Five-year-olds provide plenty of entertainment, some unintentional, for their coach. At times they get mixed up on which goal to run toward and forget that they cannot pick up the ball. Before the drills, have your players warm up so they start thinking about soccer and the practice to come. Have them toss the ball in the air or chase a ball thrown by you or a parent assistant. Drills for this age group need to be simple, fun and keep all the players involved, without waiting in lines.
You can work on the 5-year-olds’ understanding of changing direction and feints with the Volcano Drill, suggested by Maryland-based youth coach Jim Garland. Mark a grid 20 by 20 yards with plastic cones and scatter plastic disks or “volcanoes,” one per player, randomly within. Tell your players to run around the grid on your signal. As they approach a volcano, they must quickly change directions to avoid being burned by the lava. Demonstrate how they should flex one leg slightly to change directions quickly and push off the inside of that foot. Show your players how to exaggerate their change of direction and how to fake one way and then go another.
Follow the Leader Drill
Even the pros sometimes use this drill, but it’s simple enough for 5-year-olds, too. Follow the Leader helps your 5-year-olds develop their dribbling skills without defensive pressure, Garland notes. Divide your players into lines of four or five within the same 20-yard-square grid and give each player a ball. The first player in each line leads and moves throughout the grid. The rest of your players follow while dribbling their balls. On your whistle, the last player pushes the ball to a spot five yards in front of the leader, sprints to the spot and becomes the new leader. The new last person repeats the sprint, and so on. Review with your player ways to control the wall and ways for each line to appropriately use the given space.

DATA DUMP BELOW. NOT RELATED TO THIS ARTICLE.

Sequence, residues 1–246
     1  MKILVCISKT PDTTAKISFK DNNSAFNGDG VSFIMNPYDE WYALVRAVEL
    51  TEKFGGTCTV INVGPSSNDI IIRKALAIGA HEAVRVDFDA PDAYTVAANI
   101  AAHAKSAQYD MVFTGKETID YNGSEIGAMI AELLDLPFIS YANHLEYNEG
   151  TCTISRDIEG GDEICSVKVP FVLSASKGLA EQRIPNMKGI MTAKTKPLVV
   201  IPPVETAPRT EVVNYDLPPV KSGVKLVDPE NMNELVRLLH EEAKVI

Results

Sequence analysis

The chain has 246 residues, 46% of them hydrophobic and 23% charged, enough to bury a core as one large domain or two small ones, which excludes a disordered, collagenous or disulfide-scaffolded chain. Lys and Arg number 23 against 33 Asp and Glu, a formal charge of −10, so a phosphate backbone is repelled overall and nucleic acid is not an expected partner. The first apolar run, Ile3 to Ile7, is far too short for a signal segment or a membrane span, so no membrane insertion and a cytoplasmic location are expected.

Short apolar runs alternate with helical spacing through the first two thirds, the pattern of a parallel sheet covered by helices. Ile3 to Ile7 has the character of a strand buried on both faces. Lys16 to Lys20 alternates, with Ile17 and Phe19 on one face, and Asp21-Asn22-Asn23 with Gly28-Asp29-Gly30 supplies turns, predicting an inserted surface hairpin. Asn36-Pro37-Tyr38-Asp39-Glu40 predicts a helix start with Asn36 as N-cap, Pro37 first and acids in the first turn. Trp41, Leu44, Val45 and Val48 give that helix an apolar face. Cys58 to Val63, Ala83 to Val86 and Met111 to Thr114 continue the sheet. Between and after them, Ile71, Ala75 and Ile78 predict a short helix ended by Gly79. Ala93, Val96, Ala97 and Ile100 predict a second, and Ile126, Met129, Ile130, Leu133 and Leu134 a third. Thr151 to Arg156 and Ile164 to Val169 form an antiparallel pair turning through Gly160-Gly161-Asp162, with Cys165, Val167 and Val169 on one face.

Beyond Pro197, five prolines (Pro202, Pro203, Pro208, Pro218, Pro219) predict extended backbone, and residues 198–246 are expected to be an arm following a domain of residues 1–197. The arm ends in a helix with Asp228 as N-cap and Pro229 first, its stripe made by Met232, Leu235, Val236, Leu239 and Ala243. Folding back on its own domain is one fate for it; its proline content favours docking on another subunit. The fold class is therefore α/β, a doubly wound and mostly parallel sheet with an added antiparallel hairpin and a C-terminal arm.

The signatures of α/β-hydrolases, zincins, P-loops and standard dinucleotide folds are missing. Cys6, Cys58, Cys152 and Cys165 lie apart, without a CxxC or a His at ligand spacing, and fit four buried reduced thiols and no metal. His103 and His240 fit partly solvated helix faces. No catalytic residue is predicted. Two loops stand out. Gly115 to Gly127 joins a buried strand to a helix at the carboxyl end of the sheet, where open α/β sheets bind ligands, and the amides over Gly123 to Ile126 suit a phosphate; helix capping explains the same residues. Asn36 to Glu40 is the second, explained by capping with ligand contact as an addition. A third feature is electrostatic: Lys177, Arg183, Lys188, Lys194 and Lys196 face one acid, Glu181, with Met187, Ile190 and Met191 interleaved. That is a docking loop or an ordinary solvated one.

Two Open Goals
The concept of defense as well as offense begins to appear in the Two Open Goals drills, recommended by Sam Snow, director of coaching education for U.S. Youth Soccer. Set up two teams of three players each in a grid measuring 15 yards square. Set up two goals, each two yards wide, 10 yards apart, fully within the larger grid. Have one team attack and try to score goals through either goal, in either direction, while the other team defends. Both goals are open to keep the game flowing. If this game seems a bit too challenging for your 5-year-olds, instead give each player a ball and let the players dribble and shoot in a freeform manner, Snow suggests.
Help your 5-year-olds grasp the importance of mobility with the Two-Ball Game, also suggested by Snow. Set up a grid measuring 8 by 10 yards and assign your players to two teams of three each. One team starts with both balls and must retain possession of the balls by passing and dribbling for one minute to gain a point. The other team tries to defend and steal the ball from the team in possession. After one minute, give the balls to the other team.